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Ainsley Davis: Churches need to unite

Published:Saturday | February 13, 2016 | 12:00 AMOrantes Moore
PHOTOS BY ORANTES MOORE Ainsley Davis of the Port Maria Circuit of Baptist Churches.


Ainsley Davis of the Port Maria Circuit of Baptist Churches is a worldly and welcoming pastor who believes the proliferation of Christian breakaway churches in St Mary is confusing and ultimately counterproductive.

Speaking to Family and Religion earlier this week, Davis, who became a minister 15 years ago and has worked for the parish's Department of Corrections for the last decade, claimed that eventually churches from all denominations would have to unite for the benefit of their members.

He said: "One of the main issues in St Mary is the Church isn't growing. You have a lot of different denominations, but when you look at the numbers, there isn't any real growth.

"There's a lot of what I call swapping of sheep where members move from one church to another, with mainline churches such as the United, Baptist, Anglican, Roman Catholic, Gospel Chapel and, to a lesser extent, the Adventists, suffering the most.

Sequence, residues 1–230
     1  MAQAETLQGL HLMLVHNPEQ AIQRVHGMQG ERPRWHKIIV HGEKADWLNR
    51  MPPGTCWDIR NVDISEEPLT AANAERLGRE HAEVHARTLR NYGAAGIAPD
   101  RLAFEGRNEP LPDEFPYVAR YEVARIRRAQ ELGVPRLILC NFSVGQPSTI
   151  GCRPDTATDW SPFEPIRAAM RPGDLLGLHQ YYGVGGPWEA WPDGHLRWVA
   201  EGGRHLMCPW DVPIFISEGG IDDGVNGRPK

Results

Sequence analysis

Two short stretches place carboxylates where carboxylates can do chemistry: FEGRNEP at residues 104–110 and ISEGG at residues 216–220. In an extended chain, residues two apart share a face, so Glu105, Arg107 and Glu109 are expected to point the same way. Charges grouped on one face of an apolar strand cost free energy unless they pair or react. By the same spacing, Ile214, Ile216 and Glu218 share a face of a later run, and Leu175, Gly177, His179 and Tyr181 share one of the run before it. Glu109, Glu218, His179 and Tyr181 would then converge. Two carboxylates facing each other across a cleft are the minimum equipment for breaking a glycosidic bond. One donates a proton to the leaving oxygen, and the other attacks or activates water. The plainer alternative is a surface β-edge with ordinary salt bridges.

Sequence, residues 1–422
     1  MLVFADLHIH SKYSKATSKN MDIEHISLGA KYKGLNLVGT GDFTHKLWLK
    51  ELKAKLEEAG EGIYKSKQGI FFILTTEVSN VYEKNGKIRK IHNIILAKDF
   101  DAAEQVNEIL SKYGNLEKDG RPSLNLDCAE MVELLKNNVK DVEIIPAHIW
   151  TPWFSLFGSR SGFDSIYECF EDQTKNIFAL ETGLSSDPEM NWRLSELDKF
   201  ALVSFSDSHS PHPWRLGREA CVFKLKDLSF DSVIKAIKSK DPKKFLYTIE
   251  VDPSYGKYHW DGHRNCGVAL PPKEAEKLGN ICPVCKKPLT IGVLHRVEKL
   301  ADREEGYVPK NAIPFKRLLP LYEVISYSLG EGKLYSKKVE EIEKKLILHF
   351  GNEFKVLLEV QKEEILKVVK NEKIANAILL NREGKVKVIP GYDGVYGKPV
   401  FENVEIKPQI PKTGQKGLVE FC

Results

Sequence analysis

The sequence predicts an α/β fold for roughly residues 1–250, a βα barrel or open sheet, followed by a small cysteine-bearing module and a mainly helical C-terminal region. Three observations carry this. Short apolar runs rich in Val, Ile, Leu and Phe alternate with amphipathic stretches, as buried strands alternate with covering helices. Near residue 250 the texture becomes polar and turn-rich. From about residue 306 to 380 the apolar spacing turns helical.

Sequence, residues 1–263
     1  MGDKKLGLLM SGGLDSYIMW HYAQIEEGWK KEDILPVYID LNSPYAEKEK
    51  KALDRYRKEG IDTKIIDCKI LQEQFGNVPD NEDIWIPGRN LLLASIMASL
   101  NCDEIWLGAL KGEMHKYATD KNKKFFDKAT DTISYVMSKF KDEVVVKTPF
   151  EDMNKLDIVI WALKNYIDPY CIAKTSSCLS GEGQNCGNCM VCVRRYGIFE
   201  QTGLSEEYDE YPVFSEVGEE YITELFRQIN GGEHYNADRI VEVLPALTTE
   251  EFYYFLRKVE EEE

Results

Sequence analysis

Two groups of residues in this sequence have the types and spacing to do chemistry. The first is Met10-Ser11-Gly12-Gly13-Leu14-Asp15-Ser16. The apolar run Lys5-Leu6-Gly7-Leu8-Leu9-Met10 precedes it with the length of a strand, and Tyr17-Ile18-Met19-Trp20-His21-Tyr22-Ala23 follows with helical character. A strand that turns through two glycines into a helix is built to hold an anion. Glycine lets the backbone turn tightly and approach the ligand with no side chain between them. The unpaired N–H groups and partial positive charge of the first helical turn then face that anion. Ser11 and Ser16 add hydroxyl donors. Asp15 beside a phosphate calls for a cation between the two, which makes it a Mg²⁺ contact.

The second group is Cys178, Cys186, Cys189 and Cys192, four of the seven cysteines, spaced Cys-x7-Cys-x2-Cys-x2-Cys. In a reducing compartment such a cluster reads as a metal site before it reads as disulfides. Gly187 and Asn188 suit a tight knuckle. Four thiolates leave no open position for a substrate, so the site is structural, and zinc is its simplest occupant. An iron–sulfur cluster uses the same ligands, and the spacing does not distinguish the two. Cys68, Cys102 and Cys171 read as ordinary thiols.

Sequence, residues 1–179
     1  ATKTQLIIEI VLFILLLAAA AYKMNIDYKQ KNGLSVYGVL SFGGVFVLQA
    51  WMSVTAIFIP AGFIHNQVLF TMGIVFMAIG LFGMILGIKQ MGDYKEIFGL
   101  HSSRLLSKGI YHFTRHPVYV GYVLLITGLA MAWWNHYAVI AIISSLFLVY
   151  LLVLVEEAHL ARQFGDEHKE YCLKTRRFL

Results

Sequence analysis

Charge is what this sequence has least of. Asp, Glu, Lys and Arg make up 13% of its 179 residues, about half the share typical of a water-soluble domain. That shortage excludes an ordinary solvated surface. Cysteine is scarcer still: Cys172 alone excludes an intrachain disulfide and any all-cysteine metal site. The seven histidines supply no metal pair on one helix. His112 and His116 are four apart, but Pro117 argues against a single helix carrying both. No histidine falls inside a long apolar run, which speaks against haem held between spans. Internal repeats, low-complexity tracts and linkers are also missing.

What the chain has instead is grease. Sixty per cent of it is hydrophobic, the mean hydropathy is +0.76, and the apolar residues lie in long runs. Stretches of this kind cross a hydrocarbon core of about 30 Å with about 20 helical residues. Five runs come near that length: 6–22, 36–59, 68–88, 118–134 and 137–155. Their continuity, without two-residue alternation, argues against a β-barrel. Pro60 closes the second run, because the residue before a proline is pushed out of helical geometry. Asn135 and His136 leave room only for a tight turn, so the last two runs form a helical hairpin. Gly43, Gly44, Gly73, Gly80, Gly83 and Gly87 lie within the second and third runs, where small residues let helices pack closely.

"It's confusing because everybody seems to be saying they are right, but the truth of the matter is we serve a God of infinity variety. The scripture (Ephesians 4:5) speaks of 'One, God, one faith, one baptism, and one Father of all.'

"We are waking up to the reality now, so more church men and women are coming together and saying: 'Listen, for the sake of our nation, we have to work together. Some churches differ over just one thing (laughs). But if a marriage with two completely different people can work for 20, 30, and 40 years, why can't the Church do something like that under one God?"

Although the concept initially seems far-fetched, Davis insists it would take only a little "humility and some forgiveness" to bring the churches together.

He explained: "Some of these younger denominations are born out of rebellion or infighting, and so people have up each other. I think some people need to just 'fess up, get humble, forgive, and go and seek their brother or sister's hand and say: 'I offended you, I'm sorry.' If we are true Christians, we will forgive."

Looking ahead, Davis hopes for a return to traditional family values, but acknowledges that for this to happen, the church must lead the way and become a catalyst for change.

He said: "When I was growing up, we used to put up fences and walls to make our homes look good, but now the walls we put up between our neighbours and ourselves are real. We're now living in a 21st century society with things like pluralism and modernity, which have brought about a selfishness that parades itself as prosperity and progress, but it's really every man and woman for themselves.

"The change has to come from the Church. The Church ought to become one family. We have our differences, and we all think differently, but we ought to be and live as a family. It makes no sense saying it unless we're all doing it."